Unexpected discovery unveils history.

Position:Apache Nation

In the wide open spaces of southeastern Arizona you can see for miles under endless blue skies, but a team of archeology students from the University of New Mexico, Albuquerque, is looking for the story beneath their feet at the Chiricahua and Ft. Bowie National Monuments and the Coronado National Memorial. All three are owned and managed by the National Park Service.

"Last November, when we set out to do a mapping project on one of these sites in Chiricahua National Monument, we found several pieces of an 18th-century Spanish flintlock," says Bruce Huckell, associate professor of anthropology. "The rest of the site looked like it probably dated to the 1870s Chiricahua Apache reservation period, so whafs this 18th-century flintlock doing in a site like that? That was long outmoded technology.

"We went back to look at one site that had been recorded as a prehistoric lithic scatter and we happened to have with us the park archeologist/historian from Ft. Bowie. As we were examining the surface, he said, 'Hey, look at this," and he picked up half of a blue glass bead. Then he said, 'Hey look at this,' and he picked up a nearly complete butcher knife with the tip broken off. We kept finding stuff, a lead ball, a cartridge casing ..." Ultimately, the site yielded more than 100 metal artifacts dating to the late 19th century. Since the discovery, another dozen Apache sites have been found and documented in Chiricahua National Monument.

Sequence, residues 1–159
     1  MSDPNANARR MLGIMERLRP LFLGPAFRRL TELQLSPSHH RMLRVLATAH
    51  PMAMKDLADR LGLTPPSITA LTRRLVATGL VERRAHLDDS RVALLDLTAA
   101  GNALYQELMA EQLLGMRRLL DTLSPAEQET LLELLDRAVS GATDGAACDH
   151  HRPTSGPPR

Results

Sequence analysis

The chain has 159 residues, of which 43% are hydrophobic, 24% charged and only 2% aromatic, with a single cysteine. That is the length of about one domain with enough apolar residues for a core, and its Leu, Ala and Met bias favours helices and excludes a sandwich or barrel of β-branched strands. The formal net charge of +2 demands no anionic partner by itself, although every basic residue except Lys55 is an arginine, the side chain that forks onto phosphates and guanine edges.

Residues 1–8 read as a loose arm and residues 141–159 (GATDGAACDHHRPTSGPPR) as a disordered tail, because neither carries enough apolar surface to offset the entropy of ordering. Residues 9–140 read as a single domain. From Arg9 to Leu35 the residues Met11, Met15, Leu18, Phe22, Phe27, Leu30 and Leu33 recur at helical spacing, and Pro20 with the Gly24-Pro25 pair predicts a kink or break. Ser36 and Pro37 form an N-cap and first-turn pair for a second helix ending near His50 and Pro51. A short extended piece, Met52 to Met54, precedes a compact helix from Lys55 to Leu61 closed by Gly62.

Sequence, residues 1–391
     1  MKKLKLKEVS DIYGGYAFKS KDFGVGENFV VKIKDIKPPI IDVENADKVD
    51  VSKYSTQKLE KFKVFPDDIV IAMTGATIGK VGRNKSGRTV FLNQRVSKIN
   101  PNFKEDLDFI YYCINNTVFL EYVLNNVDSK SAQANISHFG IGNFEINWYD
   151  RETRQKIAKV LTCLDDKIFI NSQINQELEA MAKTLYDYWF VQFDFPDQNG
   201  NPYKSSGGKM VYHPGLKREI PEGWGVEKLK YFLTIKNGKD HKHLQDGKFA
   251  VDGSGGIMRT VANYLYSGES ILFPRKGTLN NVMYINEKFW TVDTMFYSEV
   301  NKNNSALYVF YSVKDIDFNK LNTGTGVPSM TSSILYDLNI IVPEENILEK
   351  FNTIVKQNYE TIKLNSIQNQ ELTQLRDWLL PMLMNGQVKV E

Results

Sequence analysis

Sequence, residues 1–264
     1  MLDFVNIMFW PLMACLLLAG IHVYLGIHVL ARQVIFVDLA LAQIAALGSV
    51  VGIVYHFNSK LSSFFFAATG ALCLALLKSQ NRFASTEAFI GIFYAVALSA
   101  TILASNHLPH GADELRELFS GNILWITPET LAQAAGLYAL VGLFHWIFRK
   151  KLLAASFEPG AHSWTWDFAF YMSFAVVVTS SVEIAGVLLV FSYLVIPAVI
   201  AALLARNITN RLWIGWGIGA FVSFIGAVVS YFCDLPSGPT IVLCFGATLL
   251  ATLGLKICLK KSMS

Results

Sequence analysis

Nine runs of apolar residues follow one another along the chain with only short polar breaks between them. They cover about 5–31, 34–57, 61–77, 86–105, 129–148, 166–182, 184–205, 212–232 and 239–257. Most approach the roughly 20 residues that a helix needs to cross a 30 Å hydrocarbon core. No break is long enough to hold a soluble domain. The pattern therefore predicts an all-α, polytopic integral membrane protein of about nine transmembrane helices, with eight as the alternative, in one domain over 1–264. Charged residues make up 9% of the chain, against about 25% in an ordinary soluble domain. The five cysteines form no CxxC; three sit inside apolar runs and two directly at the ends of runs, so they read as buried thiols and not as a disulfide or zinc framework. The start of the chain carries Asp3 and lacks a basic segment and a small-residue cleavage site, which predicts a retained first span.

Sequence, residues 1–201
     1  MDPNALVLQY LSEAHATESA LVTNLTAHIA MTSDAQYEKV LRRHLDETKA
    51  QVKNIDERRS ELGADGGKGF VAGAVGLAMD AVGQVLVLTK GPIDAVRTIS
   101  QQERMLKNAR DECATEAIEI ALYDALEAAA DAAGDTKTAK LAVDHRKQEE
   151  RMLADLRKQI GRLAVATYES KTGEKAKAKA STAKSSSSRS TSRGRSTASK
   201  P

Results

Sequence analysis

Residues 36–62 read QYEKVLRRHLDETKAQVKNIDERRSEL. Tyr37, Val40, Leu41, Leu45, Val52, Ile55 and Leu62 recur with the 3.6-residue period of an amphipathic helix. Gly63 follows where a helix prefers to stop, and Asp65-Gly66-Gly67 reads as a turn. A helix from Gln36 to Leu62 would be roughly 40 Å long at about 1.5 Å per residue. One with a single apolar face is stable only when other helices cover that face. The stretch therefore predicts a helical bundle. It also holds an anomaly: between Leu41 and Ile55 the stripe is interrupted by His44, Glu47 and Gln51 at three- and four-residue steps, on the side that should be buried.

This may be a rare chance to document how the Chiricahua Apaches lived. The research team found rings of rocks that anchored the brush shelters called wikiups that the Native Americans used in inclement weather. According to Huckell, there were three or four bands of Chiricahua Apaches, but the central band moved throughout the Chiricahua Mountains and was led by Cochise until his death in 1874.

The Chiricahua Apaches were very mobile and it is rare to find any evidence of their temporary camps. Artifacts found at the sites, such as pieces of a Mexican style horse bit popular in the state of Chiricahua, hinted this group may have raided or traded with ranches in...

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